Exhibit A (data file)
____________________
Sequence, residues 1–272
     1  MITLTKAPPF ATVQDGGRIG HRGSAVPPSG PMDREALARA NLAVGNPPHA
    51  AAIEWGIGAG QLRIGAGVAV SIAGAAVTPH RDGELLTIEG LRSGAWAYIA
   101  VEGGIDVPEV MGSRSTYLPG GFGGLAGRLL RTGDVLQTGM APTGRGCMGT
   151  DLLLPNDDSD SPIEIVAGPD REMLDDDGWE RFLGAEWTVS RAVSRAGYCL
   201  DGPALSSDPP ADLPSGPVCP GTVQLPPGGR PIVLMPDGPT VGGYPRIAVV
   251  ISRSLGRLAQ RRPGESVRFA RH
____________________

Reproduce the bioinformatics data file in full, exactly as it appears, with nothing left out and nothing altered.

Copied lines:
Sequence, residues 1–272
     1  MITLTKAPPF ATVQDGGRIG HRGSAVPPSG PMDREALARA NLAVGNPPHA
    51  AAIEWGIGAG QLRIGAGVAV SIAGAAVTPH RDGELLTIEG LRSGAWAYIA
   101  VEGGIDVPEV MGSRSTYLPG GFGGLAGRLL RTGDVLQTGM APTGRGCMGT
   151  DLLLPNDDSD SPIEIVAGPD REMLDDDGWE RFLGAEWTVS RAVSRAGYCL
   201  DGPALSSDPP ADLPSGPVCP GTVQLPPGGR PIVLMPDGPT VGGYPRIAVV
   251  ISRSLGRLAQ RRPGESVRFA RH